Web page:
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Inventory futures had been little modified after one other wild experience on Wall Avenue with the Fed assembly in focus

Stock futures were little changed Tuesday night after another wild session for the market.

Dow Jones Industrial Average futures fell 70 points, or 0.2%. S&P 500 futures fell 0.2% and Nasdaq 100 futures fell less than 1%.

Microsoft shares rose 1% in after-hours trading after the company released better-than-expected quarterly revenue forecasts. Previously, the stock traded more than 4% lower after Microsoft's latest earnings report showed modest revenue growth for its Azure cloud business.

The Dow ended the regular trading day down 66 points, or 0.2%. However, the average of the 30 stocks fell as much as 818.98 points during the session and briefly rose as much as 226.54 points. The moves came a day after the Dow recovered from a deficit of 1,115 to post an easy gain.

The S&P 500 and Nasdaq Composite also closed well below their session lows on Tuesday, but still lost 1.2% and 2.3%, respectively.

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Anu Gaggar, global investment strategist at the Commonwealth Financial Network, said she believes this high volatility is a byproduct of investors preparing for tighter monetary policy from the Federal Reserve.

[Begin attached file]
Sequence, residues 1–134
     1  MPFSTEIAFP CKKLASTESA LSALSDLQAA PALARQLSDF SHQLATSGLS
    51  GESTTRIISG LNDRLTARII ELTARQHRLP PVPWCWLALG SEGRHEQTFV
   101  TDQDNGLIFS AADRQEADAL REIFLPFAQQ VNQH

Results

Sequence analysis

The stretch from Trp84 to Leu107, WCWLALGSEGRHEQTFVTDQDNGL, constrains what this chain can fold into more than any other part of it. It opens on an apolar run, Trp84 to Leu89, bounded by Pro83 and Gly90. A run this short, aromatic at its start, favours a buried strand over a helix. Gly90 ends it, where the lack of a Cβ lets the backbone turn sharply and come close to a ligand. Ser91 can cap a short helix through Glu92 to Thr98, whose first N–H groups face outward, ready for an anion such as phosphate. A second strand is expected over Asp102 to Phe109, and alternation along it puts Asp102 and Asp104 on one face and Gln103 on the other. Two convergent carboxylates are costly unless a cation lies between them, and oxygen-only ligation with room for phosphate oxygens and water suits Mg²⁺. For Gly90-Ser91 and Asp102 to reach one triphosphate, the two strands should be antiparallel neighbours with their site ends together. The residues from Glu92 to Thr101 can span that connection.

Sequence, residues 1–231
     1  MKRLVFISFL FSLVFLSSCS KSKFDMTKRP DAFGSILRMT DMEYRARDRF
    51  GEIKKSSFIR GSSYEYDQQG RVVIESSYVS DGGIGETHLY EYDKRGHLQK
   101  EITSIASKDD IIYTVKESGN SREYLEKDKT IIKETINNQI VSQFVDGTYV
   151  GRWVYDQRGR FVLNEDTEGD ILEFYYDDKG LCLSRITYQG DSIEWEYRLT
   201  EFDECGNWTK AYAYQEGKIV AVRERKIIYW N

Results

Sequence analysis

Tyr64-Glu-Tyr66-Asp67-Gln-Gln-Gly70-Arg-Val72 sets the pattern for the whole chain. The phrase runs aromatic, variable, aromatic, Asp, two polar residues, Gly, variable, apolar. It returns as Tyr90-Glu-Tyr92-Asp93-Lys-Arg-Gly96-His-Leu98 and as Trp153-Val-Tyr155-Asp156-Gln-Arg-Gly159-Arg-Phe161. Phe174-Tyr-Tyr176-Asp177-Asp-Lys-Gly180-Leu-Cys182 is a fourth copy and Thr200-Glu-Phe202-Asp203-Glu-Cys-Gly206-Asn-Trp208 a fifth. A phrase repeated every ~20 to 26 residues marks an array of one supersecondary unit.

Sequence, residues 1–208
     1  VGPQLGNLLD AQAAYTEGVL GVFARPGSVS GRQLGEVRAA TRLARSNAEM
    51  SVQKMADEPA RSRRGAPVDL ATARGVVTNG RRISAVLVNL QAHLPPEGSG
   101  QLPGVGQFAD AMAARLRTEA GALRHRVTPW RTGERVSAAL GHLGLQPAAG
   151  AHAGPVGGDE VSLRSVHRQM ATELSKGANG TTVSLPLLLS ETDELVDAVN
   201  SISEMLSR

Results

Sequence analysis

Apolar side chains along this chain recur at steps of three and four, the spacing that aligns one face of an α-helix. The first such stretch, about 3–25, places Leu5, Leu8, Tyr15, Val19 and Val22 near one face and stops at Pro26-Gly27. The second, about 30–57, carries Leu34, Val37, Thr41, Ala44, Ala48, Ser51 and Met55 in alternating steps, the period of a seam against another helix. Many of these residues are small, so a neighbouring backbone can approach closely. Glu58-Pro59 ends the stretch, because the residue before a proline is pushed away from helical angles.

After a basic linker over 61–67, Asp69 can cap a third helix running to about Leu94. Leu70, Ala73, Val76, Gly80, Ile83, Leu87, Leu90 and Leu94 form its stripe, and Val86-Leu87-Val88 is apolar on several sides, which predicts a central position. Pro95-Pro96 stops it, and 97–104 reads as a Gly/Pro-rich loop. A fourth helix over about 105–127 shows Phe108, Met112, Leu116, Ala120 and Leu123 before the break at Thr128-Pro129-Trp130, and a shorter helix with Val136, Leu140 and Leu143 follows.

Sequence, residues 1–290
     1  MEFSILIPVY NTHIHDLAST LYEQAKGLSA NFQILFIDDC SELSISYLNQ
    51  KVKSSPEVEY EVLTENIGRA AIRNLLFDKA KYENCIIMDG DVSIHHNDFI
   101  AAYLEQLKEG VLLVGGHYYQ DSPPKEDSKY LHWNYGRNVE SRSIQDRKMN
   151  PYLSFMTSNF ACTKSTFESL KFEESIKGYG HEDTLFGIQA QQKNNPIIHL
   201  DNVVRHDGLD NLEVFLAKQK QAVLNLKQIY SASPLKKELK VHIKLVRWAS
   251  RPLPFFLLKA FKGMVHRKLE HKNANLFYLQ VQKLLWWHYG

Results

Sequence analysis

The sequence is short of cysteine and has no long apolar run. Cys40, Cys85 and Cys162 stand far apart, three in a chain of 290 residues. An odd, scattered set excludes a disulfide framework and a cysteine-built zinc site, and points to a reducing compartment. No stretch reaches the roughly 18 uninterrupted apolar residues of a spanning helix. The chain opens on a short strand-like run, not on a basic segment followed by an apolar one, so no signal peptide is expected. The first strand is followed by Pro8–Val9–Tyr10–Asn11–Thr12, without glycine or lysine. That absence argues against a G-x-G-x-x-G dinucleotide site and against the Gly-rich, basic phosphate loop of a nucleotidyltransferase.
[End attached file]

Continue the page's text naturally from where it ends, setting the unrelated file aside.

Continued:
"The market is showing withdrawal symptoms as it grapples with the possibility of the Fed put being removed," Gaggar said. "It almost feels like the market is acting a bit incoherently, not knowing which way to go – down because the Fed is tightening, or up because the Fed is finally acting to curb inflation, and ammunition charges while economic growth remains strong."

The Fed is expected to wrap up a two-day monetary policy meeting on Wednesday, with an announcement at 2 p.m. ET. The central bank is not expected to announce any policy changes, but investors will be looking for clues as to when – and by how much – the Fed will hike rates later this year. Investors will also be looking for clues about the next steps the Fed will take to further roll back the stimulus measures taken in 2020 to support the economy early in the pandemic.

"Between rate hikes and the $9 trillion balance sheet rejuvenation, we could be looking at a currency regime that's changing rapidly," Gaggar said.

Government bond yields rose sharply at the beginning of the year in anticipation of tighter monetary policy from the Fed. Last week, the benchmark 10-year bond yield briefly broke above 1.9%. On Tuesday, the yield closed at 1.77% — still more than 20 basis points above where it ended 2021.

On the data front, international trade numbers are due out Wednesday at 8:30 am ET. New home sales data is expected to be released at 10am ET.

The corporate earnings season also continues on Wednesday, with Dow members Boeing and AT&T reporting before the bell. Tesla and Intel are expected to release their latest earnings results after the close of trading.

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